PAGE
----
Marshall Spring Bidwell

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Marshall Spring Bidwell

Marshall Spring Bidwell (February 16, 1799 – October 24, 1872) was a lawyer and political figure in Upper Canada.

He was born in Stockbridge, Massachusetts in 1799, the son of politician Barnabas Bidwell. His family settled in Bath in Upper Canada before the War of 1812. He studied with a law firm in Kingston and was called to the Ontario Bar in 1821. When his father was unseated in 1821 based on allegations of misappropriation of funds in Massachusetts, Bidwell presented himself as a candidate but was declared ineligible. In the April 1823 Lennox and Addington by-election, Bidwell ran against George Ham of Bath where Ham won by 13 votes.

Canadian political career[edit]

In 1824, Bidwell was allowed to run for office and was elected to the 9th Parliament of Upper Canada representing Lennox & Addington. He held the seat until 1836. In 1828, he helped introduce a bill which made it easier for American-born residents to become citizens. He also lobbied for responsible government within the province.[1] In 1828, he was elected speaker for the assembly.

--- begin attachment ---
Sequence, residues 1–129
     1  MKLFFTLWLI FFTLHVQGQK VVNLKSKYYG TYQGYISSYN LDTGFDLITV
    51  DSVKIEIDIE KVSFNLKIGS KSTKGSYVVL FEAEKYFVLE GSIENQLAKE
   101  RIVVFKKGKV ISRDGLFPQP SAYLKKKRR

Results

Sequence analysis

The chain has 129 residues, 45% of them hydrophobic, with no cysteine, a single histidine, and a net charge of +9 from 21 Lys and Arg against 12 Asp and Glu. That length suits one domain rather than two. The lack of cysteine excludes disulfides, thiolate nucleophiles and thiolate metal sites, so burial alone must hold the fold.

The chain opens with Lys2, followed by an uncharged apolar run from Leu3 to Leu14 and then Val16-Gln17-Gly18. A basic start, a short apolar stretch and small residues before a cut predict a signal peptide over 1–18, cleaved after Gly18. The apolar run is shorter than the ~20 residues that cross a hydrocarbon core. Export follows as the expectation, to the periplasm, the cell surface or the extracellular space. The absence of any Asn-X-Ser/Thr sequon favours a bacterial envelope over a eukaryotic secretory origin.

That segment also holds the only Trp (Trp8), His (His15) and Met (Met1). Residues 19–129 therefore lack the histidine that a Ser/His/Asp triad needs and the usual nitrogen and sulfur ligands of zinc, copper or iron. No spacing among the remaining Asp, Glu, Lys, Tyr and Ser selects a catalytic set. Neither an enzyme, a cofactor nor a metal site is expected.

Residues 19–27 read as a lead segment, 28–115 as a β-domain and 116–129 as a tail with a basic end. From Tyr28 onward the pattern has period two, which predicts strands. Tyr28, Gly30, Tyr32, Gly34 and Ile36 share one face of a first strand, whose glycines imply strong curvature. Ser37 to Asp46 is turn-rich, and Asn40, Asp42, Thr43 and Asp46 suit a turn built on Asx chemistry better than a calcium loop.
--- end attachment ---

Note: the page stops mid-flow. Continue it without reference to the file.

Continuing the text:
Although he did not take part in the Upper Canada Rebellion, his name appeared on a banner carried by the rebels and he was forced to leave the province in December 1837. Some sources believe that Lieutenant Governor Sir Francis Bond Head forced Bidwell out of the province, because Head's refusal to appoint Bidwell as a judge in the province was a factor in his dismissal by the British Colonial Office.

Return to the United States[edit]

Bidwell returned to the United States, settling in New York City. He was admitted to the New York bar and in 1838 became a partner in the law firm of George Washington Strong, which would later become Cadwalader, Wickersham and Taft.

He died in New York City in 1872.

Footnotes[edit]

  1. ^ De Lancey, Edward Floyd (1890), Marshall S. Bidwell, a memoir, historical and biographical, New York, NY: Edward Floyd De Lancey, p. 6 

External links[edit]

Preceded by
John Wilson
Speaker of the Legislative Assembly of Upper Canada
1829–1830
Succeeded by
Archibald McLean
Preceded by
Archibald McLean
Speaker of the Legislative Assembly of Upper Canada
1835
Succeeded by
Archibald McLean